With a new 1080p/AVC MPEG-4 transfer, 'One-Eyed Jacks' looks fantastic on Blu-ray. Having the best video quality of any transfer of a film of its age, the only disappointment with it is that Criterion hasn't made it available on UHD although it was remastered in 4K.
There isn't a lick of damage in this film. Not one scratch. Not a single verticle run. No specks. No jutter. Nothing. Aside from a natural dusting of celluloid grain, the visual presentation is 100% clean and clear. Each frame is gorgeous.
Colors are vibrant and visually appealing. Blue skies and red clothing pop on-screen. Even the color of the opening title cards shine. Through all the many locations, sets and lighting, contrast is consistent. Details are strongly abundant in the majority of the scenes. Clothing and skin textures are apparent. The only waivering aspect of the detail are some shots that were obviously recorded slightly out of focus. Those shots have a very slight haze and glow that wipes out details and definition. Fortunately, they are few and far between.
While several scenes reveal very slight noise in the skies, there are no instances of banding, aliasing or artifacts.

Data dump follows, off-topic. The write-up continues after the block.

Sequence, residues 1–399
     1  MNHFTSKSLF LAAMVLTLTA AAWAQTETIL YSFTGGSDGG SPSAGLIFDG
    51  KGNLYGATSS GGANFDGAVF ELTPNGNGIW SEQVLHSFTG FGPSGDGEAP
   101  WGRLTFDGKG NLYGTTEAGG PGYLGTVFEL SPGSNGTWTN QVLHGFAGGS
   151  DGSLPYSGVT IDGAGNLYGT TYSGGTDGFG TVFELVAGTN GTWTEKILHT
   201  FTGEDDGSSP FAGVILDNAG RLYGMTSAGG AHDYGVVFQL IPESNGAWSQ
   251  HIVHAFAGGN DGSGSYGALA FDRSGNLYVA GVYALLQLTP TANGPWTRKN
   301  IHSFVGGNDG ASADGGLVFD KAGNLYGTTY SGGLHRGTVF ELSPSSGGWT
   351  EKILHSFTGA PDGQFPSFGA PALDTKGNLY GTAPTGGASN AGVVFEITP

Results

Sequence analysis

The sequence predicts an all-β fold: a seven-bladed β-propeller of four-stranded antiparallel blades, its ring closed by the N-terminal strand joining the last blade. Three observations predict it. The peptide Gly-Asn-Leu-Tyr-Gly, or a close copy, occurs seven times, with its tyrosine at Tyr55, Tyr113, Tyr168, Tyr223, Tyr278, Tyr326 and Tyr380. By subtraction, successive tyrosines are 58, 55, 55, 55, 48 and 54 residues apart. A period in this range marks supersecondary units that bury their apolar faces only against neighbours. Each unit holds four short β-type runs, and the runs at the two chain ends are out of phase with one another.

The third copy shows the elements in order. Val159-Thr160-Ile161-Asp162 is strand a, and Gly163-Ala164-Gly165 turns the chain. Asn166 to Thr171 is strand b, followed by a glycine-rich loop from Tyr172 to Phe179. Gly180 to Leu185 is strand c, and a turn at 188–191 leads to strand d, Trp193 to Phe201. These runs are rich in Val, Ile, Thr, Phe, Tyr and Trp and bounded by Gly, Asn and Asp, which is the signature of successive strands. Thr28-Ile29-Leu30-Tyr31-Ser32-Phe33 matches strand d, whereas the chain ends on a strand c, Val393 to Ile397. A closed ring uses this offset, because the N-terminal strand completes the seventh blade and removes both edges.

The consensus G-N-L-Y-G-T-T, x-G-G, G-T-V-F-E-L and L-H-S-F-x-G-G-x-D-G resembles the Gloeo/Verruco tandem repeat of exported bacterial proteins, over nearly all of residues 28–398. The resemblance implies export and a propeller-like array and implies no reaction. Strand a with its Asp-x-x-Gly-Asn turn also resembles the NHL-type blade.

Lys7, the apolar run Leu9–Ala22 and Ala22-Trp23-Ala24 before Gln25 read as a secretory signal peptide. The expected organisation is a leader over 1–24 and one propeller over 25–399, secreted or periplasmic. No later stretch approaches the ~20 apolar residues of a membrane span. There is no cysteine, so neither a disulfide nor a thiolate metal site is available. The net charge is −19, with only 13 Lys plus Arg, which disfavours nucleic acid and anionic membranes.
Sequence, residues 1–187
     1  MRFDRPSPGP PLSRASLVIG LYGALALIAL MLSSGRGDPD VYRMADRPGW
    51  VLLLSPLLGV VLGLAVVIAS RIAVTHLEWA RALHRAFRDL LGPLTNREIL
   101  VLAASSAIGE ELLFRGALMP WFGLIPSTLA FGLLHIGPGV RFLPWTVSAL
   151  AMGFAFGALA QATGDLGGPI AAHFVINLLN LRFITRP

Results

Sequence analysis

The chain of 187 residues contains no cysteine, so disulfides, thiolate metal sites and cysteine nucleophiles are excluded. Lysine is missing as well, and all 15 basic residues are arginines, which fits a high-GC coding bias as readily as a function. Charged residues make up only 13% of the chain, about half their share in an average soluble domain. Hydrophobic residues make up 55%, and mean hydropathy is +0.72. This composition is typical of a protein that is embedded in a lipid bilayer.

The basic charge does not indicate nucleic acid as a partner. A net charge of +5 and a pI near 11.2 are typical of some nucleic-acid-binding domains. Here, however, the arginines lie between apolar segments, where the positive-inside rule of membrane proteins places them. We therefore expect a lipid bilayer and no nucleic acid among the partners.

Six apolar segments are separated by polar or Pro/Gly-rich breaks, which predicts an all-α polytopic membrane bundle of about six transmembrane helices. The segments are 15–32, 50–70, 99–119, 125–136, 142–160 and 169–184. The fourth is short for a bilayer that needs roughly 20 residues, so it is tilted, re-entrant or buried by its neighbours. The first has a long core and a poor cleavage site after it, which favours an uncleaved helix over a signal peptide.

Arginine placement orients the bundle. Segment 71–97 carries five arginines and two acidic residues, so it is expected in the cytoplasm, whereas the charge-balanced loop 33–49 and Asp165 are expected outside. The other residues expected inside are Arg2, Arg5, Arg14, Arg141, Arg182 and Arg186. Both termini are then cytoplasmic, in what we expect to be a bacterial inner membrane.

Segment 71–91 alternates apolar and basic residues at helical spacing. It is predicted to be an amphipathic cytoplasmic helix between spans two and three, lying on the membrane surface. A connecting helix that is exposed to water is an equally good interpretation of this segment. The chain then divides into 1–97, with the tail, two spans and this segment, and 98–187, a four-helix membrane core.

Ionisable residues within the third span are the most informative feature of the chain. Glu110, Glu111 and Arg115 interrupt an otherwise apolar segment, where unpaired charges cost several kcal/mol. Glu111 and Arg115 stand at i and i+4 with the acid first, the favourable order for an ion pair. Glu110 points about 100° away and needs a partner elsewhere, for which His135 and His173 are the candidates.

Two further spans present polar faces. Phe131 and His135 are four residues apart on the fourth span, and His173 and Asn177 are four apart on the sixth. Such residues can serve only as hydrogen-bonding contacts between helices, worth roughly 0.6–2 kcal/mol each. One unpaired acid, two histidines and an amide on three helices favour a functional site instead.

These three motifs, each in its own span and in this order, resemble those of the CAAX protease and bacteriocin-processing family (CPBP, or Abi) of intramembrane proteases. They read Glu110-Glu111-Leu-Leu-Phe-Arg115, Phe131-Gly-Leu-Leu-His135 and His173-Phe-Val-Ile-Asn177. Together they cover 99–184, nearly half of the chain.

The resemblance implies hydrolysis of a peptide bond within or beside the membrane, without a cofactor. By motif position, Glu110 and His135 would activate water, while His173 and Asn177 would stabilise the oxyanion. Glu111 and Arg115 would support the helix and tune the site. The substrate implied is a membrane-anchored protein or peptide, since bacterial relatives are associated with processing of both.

In the same way that the video quality of 'One-Eyed Jacks' doesn't show its age, the audio quality also doesn't feature any aging flaws. Unfortunately, being a mono track, it doesn't have the opportunity to wow as much as the video does.
The uncompressed LPCM monoaural track is free of distortion, warping, warbling, inconsistency or shakiness. It's never blown-out or uneven. The different elements are mixed harmoniously with one another so there's always a dominant layer that never step on the others' toes. The best element of all is the fantastic original score, which is oft allowed to play loudly. Being a grand and sweeping score, its very impressive.
The only improvement that this mix could have used would be a multi-channel mix, but it's just fine as-is.
Upon discovering the greatness of the western genre for myself, I blew through all of the classics and made my own favorites list. Along the way, I somehow missed 'One-Eyed Jacks,' but having now discovered it, it's easily in my Top 5. Structurally and character-wise, 'Jacks' functions unlike any other western I've seen. It takes the blockbuster genre and makes it work like a multi-faceted film. Just as interesting and entertaining as the film itself is the history of its very troubled production. Criterion slapped on several special features that tell the story behind the film, each of which give a knownledge that only makes the film better. The Film Foundation is responsible for the top-notch video and audio transfers that collectively make this one of Criterion's very best Blu-ray releases. I highly recommend adding 'One-Eyed Jacks' to your collection. It's worth the blind-buy.